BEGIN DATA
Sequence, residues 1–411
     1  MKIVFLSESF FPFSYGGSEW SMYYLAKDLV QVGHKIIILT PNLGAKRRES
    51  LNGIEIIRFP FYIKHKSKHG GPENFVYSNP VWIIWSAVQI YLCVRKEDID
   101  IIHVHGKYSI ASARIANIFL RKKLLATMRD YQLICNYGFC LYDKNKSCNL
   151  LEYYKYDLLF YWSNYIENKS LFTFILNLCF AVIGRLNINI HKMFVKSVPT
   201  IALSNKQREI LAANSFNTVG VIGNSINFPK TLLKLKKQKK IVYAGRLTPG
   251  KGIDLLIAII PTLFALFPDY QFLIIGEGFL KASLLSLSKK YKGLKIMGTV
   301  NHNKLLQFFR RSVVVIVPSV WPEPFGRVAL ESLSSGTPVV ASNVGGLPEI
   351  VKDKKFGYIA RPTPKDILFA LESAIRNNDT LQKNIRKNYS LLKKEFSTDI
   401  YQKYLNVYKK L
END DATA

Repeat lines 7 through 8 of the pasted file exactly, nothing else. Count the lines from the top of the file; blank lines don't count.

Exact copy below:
   251  KGIDLLIAII PTLFALFPDY QFLIIGEGFL KASLLSLSKK YKGLKIMGTV
   301  NHNKLLQFFR RSVVVIVPSV WPEPFGRVAL ESLSSGTPVV ASNVGGLPEI